British Prime Minister Boris Johnson on Friday warned any attempt by MPs next week to stop Brexit or delay it beyond Oct.31 would do “lasting damage” to public trust in politics.
Prime Minister Boris Johnson’s suspension of parliament just weeks before Britain’s EU departure date faced legal challenges on Thursday following a furious outcry from pro-Europeans and MPs opposed to a no-deal Brexit.
Britain must pay its Brexit divorce bill even if it crashes out of the bloc without a deal, the EU said Monday, warning that future ties would be threatened if London failed to honour its commitments.
Opposition parties said they would try to pass a law which would force Prime Minister Boris Johnson to seek a delay to Britain’s departure from the European Union (EU) and prevent a potentially chaotic no-deal exit at the end of October.
Prime Minister Boris Johnson will fast-track funding for Britain’s public health service, announcing 1.8 billion pounds ($2.19 billion) to upgrade 20 hospitals, part of the new leader’s push to meet his Brexit pledges.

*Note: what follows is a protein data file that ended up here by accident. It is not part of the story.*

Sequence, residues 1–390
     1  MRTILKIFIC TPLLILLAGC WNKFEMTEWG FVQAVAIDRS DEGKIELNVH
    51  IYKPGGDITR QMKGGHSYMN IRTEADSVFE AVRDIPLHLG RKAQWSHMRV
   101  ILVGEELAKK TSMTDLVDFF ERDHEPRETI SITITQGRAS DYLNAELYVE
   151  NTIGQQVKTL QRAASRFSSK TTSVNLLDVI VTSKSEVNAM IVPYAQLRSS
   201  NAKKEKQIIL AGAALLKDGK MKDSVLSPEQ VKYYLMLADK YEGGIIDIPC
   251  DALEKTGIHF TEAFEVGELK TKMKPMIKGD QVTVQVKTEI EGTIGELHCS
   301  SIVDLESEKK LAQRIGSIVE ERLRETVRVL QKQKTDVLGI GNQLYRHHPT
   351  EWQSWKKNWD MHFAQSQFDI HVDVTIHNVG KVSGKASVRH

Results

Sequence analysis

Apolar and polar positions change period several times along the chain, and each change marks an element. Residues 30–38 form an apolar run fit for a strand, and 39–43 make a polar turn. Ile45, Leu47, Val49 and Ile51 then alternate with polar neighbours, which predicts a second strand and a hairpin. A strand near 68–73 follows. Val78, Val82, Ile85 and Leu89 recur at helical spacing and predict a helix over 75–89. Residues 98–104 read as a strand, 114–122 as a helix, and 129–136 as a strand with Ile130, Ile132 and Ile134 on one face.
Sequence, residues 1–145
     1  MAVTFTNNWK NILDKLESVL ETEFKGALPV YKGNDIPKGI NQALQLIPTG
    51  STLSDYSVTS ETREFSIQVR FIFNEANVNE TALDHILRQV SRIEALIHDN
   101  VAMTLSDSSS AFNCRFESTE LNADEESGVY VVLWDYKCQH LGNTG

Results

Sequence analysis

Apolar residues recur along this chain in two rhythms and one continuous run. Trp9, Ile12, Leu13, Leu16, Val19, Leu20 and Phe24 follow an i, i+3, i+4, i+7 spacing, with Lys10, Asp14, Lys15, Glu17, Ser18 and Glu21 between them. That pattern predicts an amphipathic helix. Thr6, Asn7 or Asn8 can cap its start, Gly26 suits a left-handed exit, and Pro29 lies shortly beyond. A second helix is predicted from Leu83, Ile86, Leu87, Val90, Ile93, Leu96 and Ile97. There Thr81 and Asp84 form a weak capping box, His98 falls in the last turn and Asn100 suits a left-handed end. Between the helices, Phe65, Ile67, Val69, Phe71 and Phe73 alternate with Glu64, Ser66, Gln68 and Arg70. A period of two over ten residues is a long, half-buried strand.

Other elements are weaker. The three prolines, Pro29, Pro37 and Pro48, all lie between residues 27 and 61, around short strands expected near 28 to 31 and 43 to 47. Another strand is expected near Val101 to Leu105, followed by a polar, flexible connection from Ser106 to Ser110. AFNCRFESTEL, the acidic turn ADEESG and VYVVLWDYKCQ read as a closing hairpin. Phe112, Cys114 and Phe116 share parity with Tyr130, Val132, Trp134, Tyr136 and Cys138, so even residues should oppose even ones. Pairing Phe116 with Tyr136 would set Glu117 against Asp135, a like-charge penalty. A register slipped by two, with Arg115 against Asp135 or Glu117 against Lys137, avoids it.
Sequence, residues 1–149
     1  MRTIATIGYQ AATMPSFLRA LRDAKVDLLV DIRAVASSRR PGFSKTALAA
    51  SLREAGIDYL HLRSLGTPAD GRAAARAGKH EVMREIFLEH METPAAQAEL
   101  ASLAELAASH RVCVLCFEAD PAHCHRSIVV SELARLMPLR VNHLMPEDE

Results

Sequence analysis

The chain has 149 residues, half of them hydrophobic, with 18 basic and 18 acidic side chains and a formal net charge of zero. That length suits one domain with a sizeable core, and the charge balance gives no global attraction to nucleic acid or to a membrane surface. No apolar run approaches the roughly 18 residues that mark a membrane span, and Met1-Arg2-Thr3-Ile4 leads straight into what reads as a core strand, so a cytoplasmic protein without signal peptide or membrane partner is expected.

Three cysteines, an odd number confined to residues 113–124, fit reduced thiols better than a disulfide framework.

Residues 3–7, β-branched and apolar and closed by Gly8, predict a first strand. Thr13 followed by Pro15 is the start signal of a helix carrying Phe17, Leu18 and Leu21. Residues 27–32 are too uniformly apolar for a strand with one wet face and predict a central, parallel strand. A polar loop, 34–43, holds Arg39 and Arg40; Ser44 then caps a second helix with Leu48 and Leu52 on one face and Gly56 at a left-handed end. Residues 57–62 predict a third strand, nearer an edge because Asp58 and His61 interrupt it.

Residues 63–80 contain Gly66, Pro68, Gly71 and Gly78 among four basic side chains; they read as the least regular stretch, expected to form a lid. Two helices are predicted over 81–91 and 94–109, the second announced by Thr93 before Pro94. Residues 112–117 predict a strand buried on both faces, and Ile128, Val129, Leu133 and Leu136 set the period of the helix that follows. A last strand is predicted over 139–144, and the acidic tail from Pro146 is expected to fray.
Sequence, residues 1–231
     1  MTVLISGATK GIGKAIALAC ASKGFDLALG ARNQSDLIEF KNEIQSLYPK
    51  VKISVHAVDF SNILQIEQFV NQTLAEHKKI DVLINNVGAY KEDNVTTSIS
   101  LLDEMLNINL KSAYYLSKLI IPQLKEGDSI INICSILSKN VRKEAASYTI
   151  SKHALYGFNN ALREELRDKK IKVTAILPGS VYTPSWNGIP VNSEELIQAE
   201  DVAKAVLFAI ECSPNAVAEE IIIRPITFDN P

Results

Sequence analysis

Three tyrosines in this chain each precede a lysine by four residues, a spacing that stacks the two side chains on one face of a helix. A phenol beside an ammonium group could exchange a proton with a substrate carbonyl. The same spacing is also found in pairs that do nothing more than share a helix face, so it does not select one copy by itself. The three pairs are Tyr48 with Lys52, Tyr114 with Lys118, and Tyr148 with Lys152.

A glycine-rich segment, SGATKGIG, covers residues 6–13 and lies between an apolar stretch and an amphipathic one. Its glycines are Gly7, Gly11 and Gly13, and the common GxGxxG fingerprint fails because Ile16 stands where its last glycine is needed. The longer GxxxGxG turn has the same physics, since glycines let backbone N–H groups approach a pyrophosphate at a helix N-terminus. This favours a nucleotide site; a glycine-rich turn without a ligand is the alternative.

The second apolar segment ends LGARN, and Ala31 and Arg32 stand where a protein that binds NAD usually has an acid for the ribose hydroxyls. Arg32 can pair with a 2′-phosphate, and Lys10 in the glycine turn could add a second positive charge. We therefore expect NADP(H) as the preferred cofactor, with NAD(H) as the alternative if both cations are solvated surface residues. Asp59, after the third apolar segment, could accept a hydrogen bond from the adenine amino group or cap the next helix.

A legal bid to prevent British Prime Minister Boris Johnson suspending parliament to stop lawmakers blocking a no-deal Brexit will be heard at a Scottish court next month.
Queen Elizabeth II approved the request to end what has been the longest session of parliament in nearly 400 years in the second week of September and reopen it on October 14 -- just over two weeks before Brexit.
Britain should delay Brexit beyond Oct.31 rather than leave the European Union (EU) without a deal, which would be particularly harmful to large carmakers, the head of the sector’s industry body told Reuters.
Britain’s economy picked up more than expected in July, data showed on Monday, dampening fears that it will succumb to its first recession since the financial crisis as the Brexit crisis escalates.